By Steve Robinson | August 26, 2019 - 10:43 pm
Posted in Category: The Normalite

Going through high school has many challenges: It’s the start toward a life of responsibility and gets kids thinking about the future. Getting through high school can be challenging enough for kids familiar with an area they live in. But if you’re a foreign exchange student, there’s a larger adjustment to consider – including new surroundings and a different culture.

For Christiaan de Paauw, a citizen of The Netherlands, he became involved with a foreign exchange program called Education First which tries to give foreign students an opportunity to experience a year of high school life in the U. S. de Paauw, said he lives in his home country in a medium-size community, so coming to be a foreign student at Heyworth Junior-Senior High School, which has just 396 students throughout all grade levels, and the Town having a total population of over 2,800, took some adjusting for him, he explained. His host family is headed by Lisa Davis and Jessica Davis.

de Paauw said when he was going to be going to Heyworth, “I was like, ‘yeah. Sure.’ I was super excited and wanted to do this. Heyworth is smaller than the town I am from, but it’s nice. I wanted to do this to step out of my comfort zone.” He added he is still looking into a career to study for college, but said he had an interest in videography.

One would think leaving one’s friends at this juncture of life might be a tough thing to want to do at this age, but Clara Stridh, 17, a senior from Sweden, said her friends back home “were very supportive of my dong this. She is attending Normal Community High School while staying with host parents Mike and Jayme Corcoran. Stridh said she wants to try out for NCHS’ track team while she is here.

Jayme Corcoran is employed by Education First as an exchange student coordinator. Education First has offices in Boston and Denver. The company provides study abroad opportunities for students to see what school is like in the U.S.

Wanting to experience another culture was the biggest draw for Stridh, she admitted. And for Jayme Corcoran, having had a successful run with hosting students (her family has hosted three in three years), she said the exchange students largest adjustment for students is finding out American parents parent a little differently than foreign parents. “We want a little more information about what and where our children are, whereas European parents give a little more independence to their children.”

Corcoran said that by her family taking part in the program, “I’m hoping to create lots of global learners. That’s where we are in our society right now.”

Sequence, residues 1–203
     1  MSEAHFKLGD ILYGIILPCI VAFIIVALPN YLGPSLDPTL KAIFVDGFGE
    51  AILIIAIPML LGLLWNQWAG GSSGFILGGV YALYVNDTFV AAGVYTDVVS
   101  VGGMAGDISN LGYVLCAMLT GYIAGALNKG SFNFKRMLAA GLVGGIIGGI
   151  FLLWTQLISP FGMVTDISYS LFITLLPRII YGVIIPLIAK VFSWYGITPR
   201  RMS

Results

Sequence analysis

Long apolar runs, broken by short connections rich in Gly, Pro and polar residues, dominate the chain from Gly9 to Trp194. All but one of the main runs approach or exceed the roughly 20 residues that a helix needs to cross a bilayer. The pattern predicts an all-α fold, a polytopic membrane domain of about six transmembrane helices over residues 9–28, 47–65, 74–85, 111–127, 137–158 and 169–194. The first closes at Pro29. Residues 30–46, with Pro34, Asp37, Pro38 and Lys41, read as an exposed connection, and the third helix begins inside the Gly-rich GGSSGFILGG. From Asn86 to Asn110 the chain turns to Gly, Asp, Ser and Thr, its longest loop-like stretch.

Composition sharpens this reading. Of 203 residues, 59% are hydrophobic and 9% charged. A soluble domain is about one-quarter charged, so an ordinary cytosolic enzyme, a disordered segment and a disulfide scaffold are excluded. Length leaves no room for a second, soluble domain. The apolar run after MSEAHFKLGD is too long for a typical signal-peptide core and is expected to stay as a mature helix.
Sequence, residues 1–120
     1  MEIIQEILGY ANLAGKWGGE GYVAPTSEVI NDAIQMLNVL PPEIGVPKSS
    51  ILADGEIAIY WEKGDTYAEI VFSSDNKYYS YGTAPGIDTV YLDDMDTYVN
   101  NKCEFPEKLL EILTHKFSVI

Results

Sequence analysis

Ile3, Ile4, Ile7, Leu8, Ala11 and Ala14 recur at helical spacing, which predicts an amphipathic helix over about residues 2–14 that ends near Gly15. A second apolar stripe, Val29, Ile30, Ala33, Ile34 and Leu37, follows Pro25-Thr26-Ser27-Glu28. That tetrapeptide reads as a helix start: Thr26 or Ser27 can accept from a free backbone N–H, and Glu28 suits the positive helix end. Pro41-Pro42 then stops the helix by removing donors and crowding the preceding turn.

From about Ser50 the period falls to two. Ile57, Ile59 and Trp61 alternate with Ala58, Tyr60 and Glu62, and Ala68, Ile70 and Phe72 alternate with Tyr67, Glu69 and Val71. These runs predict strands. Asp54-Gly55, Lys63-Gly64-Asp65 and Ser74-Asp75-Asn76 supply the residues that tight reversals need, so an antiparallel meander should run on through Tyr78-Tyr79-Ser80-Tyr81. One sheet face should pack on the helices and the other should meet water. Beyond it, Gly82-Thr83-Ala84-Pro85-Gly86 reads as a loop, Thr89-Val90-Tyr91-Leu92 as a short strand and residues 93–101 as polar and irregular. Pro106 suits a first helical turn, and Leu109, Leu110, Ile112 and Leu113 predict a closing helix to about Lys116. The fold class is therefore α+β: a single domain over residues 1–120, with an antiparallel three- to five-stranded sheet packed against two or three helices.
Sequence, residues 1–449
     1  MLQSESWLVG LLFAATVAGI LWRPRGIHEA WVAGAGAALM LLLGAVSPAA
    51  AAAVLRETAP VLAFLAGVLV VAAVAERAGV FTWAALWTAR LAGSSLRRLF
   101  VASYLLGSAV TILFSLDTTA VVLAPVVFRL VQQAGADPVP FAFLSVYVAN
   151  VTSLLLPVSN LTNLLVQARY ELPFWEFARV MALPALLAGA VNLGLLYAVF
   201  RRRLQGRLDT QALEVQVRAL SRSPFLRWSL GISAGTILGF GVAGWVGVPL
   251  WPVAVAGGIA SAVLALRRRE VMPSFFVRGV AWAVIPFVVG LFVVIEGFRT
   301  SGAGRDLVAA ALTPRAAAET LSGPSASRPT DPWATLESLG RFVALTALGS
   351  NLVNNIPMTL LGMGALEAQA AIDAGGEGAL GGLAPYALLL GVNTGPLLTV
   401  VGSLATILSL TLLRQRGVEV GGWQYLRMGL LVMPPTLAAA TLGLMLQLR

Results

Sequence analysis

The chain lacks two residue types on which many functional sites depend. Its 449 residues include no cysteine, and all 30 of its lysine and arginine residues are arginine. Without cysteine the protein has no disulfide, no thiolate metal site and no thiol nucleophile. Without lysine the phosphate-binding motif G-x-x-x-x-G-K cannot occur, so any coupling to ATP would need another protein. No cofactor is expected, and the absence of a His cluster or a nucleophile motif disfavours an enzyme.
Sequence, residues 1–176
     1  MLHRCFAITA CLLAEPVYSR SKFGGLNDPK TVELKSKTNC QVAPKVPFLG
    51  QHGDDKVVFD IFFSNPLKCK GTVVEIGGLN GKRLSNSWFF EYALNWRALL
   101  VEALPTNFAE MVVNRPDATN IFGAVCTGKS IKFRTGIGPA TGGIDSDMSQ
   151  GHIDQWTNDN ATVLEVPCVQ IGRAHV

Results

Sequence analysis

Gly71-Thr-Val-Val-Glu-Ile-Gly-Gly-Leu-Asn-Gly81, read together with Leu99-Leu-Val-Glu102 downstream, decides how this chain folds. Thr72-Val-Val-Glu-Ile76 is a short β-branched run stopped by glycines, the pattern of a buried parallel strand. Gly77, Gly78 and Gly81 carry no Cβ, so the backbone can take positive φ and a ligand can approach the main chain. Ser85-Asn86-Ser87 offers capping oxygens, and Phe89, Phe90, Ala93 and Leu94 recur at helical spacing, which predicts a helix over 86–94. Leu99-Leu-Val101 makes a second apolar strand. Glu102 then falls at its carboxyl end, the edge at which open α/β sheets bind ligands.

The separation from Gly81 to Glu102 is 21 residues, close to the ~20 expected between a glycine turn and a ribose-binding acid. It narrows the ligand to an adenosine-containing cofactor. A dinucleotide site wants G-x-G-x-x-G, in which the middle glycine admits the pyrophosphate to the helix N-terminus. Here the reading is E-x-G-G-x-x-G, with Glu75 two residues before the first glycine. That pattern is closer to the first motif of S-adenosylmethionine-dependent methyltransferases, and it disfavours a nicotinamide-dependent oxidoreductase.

Corcoran’s daughters, Peytan and Aleksy, benefit from the exchange as well, she said. “My kids have friends in The Netherlands and Japan as a result. They have contacts all over the world.”

Education First takes students interested in this foreign study between the ages of 14 and 18. They receive orientation in New York City to learn what is expected of them in American High Schools, Corcoran said. Kids coming over here, she said, are updated on things such as budgeting their money, and how Americans communicate as a family.

“These foreign students want to be here because they’ve heard about school spirit, and the ways American families are run, and they want to participate in school activities,” Corcoran said. She said Education First is always continuing to look for host families, particularly for the 2020-21 school year. She said the organization is particularly interested in finding such families in places like Heyworth and Lexington, and other smaller communities.

“We want this to be a program that continues because it benefits everyone involved – the host families, the school, students at the school, as well as the exchange student,” Corcoran explained.

Such a program appears to be geared to showing foreign students what American life is like. We see American students go spend a semester or year in places like France and Japan with the goal the student come back having gained some knowledge about the world as it is elsewhere. The premise for this program is no different except it’s our way of life and customs that get put on display.

Here’s hoping we do as well at providing that slice of American life.

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